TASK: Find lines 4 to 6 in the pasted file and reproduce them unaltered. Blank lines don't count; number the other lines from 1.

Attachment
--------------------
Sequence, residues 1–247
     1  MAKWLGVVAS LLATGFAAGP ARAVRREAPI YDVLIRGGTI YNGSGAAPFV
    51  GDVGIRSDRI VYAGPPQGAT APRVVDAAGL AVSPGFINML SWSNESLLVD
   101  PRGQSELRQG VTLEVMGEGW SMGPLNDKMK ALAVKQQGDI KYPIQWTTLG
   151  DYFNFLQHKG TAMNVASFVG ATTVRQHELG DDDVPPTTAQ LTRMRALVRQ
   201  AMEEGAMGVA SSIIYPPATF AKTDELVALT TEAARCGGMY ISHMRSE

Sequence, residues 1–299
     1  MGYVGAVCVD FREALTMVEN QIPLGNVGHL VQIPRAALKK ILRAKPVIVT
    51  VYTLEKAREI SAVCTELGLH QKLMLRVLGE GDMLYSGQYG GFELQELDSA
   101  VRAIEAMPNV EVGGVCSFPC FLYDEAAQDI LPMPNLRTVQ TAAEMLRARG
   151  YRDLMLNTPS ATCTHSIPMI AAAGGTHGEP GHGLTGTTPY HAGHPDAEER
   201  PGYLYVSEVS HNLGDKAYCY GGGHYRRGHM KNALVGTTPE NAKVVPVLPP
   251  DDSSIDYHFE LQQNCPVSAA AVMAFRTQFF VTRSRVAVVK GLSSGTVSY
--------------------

   101  PRGQSELRQG VTLEVMGEGW SMGPLNDKMK ALAVKQQGDI KYPIQWTTLG
   151  DYFNFLQHKG TAMNVASFVG ATTVRQHELG DDDVPPTTAQ LTRMRALVRQ
   201  AMEEGAMGVA SSIIYPPATF AKTDELVALT TEAARCGGMY ISHMRSE